There are some things I am less happy about (no visual art this year, but I do think that is temporary) and some growing pains with a huge amount of change in a super short period of time, but all in all I think the new administration and changes in line with that are a boost in a new direction for the school that will serve it well.

    Don’t get me wrong, we’ve been happy there so far as well so I never thought the school was “broken”, but I definitely see the upside for my child with the new changes. I also know that some of the criticisms of Decatur on this site in the past have been and are being addressed with the change in administration.

  • 113. HopefulCPSMama  |  November 27, 2017 at 1:14 pm

    Does anyone know how long it will take to receive SEES testing results for incoming Kindergarteners? I know that OAE says that if your child tests by November 21, 2017, results will be mailed by the application deadline of December 22nd, but I don’t know if means we will actually receive the results by then… My child tested late in this window–the 18th. Has anyone whose child took the exam early in November received results yet? Thanks!

  • 114. jazzman  |  November 27, 2017 at 4:04 pm

    @cps learning 112 thank you for that insight it sounds fantastic at Mcdade classical we are trying to also get a 7 and 8th grade added like Decatur as well. I hate that like Decatur, Mcdade, and Poe has to take another high stakes exam to get into small number of Academic Centers without the option of staying at their current school.

  • 115. CP  |  November 27, 2017 at 5:01 pm

    @113 I actually called OAE earlier today, and they weren’t able to give a definitive date when results will be given to parents. The only thing I was told was that we should have the results before December 22nd, and that they will be mailed.

  • 116. HopefulCPSMama  |  November 27, 2017 at 5:11 pm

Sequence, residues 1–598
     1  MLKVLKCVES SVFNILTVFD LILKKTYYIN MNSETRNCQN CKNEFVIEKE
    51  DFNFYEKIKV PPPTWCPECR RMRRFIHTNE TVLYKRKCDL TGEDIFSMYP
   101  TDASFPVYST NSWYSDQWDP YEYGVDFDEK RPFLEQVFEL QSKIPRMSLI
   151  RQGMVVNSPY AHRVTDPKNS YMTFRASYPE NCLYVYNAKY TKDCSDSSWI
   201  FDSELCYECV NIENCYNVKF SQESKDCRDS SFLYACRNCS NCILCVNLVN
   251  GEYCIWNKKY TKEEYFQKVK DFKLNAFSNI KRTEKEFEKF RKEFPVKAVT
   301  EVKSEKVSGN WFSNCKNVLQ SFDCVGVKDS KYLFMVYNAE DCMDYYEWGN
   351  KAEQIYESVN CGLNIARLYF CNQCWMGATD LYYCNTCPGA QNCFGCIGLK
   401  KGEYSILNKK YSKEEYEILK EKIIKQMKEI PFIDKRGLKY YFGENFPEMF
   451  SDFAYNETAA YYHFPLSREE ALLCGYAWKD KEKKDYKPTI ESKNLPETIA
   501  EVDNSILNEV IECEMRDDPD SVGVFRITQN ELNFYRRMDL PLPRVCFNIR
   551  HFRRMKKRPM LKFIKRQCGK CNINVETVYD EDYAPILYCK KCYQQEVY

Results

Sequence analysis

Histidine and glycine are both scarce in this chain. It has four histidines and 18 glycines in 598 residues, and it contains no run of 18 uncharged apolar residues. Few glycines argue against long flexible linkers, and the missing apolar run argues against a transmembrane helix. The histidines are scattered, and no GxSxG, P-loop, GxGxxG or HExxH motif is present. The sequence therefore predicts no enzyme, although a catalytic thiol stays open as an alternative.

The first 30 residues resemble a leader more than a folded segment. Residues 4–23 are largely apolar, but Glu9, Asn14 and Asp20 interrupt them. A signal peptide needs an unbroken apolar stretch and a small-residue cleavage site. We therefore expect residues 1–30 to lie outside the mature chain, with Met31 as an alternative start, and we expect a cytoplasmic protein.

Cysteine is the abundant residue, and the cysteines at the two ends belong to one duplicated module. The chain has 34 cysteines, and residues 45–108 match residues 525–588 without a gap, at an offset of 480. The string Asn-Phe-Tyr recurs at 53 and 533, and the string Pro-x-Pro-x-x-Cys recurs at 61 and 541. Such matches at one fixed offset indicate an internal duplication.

@115 Thank you very much!

  • 117. Gigi  |  November 27, 2017 at 11:28 pm

    @113 Judging by the dates some parents posted their children’s scores for this year (17-18) we should be getting the scores by mid December, or even earlier. Anyways, anything can happen with CPS.

  • 118. HopefulCPSMama  |  November 28, 2017 at 10:39 am

    @117 I hope even earlier, but I hear you–anything can happen!

  • 119. PMmom  |  November 29, 2017 at 9:52 am

    Do you need to bring anything to either the SEES or Classical testing? In years past you needed the letter, but this year I haven’t received any notice/emails. TIA!

  • 120. HopefulCPSMama  |  November 29, 2017 at 10:07 am

    @119 No, we didn’t need to bring anything. I gave them our child’s name and they verified it from a list and checked us in. I did bring water, snacks and a coloring book for entertainment, which worked out well because we waited for an hour and 15 minutes after our scheduled time before being called for testing. This was on a Saturday morning.

  • 121. NTA Ambassadors  |  December 2, 2017 at 11:25 am

    @100 Northside Mom,

    Hi! We are a group of NTA parents to answer your questions. Here is a response from one of us.